Here are some excerpts from this Guardian article, which draws on material from the WikiLeaks “Afghanistan war logs”:
On 4 March 2007 a convoy of US marines, who arrived in Afghanistan three weeks earlier, were hit by an explosives-rigged minivan outside the city of Jalalabad.
The marines made a frenzied escape, opening fire with automatic weapons as they tore down a six-mile stretch of highway, hitting almost anyone in their way – teenage girls in fields, motorists in their cars, old men as they walked along the road. Nineteen unarmed civilians were killed and 50 wounded….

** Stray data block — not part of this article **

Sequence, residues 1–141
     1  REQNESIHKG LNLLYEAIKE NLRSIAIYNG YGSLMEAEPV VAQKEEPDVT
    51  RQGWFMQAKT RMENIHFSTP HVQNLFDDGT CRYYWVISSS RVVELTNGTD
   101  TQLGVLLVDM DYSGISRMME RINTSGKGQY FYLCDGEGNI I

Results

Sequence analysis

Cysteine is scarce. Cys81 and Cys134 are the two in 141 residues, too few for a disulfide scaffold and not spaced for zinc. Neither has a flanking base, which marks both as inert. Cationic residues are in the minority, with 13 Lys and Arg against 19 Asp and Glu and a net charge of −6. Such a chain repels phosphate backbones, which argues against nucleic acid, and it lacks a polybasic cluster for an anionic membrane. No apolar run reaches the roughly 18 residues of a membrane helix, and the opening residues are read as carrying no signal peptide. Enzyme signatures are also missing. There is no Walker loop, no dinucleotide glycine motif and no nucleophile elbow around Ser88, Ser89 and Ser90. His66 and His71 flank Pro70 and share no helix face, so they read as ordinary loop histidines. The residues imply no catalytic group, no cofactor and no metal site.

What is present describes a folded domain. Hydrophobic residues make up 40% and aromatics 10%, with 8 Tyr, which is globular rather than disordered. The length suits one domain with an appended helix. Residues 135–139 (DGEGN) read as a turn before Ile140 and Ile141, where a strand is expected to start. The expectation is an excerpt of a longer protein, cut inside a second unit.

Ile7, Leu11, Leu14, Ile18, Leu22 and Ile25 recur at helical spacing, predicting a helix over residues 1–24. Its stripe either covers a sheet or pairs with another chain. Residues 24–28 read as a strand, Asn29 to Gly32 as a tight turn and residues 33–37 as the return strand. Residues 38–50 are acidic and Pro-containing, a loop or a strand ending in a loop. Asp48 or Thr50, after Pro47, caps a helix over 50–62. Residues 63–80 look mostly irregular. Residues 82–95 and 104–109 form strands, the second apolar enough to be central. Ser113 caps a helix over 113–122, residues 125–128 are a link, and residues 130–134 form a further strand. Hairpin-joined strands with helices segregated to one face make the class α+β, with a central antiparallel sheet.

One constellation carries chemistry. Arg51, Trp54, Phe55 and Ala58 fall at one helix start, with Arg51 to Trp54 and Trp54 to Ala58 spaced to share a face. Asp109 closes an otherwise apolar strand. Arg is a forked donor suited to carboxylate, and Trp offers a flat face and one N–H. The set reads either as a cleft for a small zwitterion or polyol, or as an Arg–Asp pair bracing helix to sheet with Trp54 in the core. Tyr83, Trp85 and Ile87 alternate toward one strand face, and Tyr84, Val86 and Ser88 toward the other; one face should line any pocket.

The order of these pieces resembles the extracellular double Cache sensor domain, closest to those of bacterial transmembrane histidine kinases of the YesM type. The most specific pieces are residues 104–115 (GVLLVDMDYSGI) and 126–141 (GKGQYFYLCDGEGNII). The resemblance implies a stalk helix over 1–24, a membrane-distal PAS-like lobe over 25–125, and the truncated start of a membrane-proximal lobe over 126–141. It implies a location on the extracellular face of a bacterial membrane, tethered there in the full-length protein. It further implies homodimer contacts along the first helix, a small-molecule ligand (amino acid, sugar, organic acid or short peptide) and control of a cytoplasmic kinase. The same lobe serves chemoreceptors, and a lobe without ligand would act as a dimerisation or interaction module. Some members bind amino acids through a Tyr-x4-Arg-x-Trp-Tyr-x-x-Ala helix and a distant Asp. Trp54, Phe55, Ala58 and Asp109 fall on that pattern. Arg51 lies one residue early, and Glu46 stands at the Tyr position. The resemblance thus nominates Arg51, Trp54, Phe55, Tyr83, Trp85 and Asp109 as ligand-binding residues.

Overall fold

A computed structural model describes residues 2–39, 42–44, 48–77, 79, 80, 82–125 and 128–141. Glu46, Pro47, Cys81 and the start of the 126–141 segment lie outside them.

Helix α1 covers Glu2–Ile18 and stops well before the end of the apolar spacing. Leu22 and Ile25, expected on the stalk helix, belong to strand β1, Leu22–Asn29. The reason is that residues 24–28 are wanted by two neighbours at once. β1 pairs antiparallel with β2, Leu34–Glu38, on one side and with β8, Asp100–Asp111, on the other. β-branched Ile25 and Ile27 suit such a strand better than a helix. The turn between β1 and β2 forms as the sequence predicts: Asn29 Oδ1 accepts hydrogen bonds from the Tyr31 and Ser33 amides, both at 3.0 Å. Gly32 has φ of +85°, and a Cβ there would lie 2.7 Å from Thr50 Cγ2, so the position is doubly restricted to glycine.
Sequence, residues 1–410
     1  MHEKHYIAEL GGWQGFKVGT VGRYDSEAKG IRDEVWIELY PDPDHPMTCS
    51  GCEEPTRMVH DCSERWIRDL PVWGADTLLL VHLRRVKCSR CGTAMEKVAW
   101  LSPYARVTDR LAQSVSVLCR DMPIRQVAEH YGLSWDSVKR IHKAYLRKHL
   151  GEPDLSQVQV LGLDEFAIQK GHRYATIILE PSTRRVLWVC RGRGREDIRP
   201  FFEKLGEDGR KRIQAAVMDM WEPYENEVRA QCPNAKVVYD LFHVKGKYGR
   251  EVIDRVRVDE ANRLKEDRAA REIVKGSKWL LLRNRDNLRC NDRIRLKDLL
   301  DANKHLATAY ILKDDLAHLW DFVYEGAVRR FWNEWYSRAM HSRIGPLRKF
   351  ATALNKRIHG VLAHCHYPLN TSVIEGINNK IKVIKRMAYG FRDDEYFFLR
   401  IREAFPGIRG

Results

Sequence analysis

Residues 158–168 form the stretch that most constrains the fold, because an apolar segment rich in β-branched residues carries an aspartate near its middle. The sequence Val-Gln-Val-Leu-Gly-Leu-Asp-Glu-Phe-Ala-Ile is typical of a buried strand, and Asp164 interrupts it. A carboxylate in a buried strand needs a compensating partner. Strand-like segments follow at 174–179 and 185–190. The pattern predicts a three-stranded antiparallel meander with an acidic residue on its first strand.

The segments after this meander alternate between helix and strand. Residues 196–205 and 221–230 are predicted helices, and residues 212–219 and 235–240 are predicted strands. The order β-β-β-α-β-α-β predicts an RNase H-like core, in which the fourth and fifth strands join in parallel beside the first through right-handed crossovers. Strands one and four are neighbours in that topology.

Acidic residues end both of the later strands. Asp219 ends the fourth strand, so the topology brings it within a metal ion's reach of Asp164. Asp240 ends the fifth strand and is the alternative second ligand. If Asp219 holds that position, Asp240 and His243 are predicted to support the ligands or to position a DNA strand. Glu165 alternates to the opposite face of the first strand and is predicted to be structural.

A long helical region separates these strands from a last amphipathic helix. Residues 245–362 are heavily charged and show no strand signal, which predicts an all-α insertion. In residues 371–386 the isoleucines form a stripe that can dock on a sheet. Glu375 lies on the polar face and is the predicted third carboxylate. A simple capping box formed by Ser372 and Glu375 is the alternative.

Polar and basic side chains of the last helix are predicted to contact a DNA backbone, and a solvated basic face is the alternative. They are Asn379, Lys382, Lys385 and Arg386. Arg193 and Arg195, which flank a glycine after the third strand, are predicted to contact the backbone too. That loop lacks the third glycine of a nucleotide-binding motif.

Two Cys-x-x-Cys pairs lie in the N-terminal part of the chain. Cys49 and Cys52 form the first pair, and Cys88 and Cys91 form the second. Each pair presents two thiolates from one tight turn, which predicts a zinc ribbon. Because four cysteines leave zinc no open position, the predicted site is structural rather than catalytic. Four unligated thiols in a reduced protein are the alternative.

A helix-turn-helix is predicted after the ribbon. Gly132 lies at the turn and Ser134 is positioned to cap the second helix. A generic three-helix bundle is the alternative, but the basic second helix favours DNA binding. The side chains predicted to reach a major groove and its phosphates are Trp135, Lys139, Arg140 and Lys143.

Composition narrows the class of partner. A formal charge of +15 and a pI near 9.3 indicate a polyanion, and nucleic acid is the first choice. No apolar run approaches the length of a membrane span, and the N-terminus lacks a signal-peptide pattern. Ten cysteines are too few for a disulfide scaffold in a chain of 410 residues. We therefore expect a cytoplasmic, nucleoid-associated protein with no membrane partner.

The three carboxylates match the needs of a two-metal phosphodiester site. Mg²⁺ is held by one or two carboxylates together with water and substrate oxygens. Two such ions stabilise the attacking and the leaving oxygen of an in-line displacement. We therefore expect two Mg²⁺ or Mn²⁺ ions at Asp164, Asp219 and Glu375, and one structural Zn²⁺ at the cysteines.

Journalists on the spot gave a more detailed account. They said angry marines tore their cameras from their hands, insisting they delete the pictures they had taken of bullet-pocked vehicles on the roadside. Rahmat Gul, a freelance photographer working for the Associated Press, said two soldiers and a translator came up to him and asked: “Why are you taking pictures? You don’t have permission.” Then they deleted his photographs….
the Afghan Human Rights Commission published a report into the shooting which said the victims included a 16-year-old newlywed girl carrying a bundle of grass and a 75-year-old man walking back from the shops….
a US army colonel had admitted to the Afghans that the shootings were a “terrible, terrible mistake” and “a stain on our honour”. He paid $2,000 to the families of each victim. The special forces commander in Afghanistan, Major General Francis Kearney, ordered the marines to pull the 120-man company out of the country, an unprecedented step.
But there would be no punishment….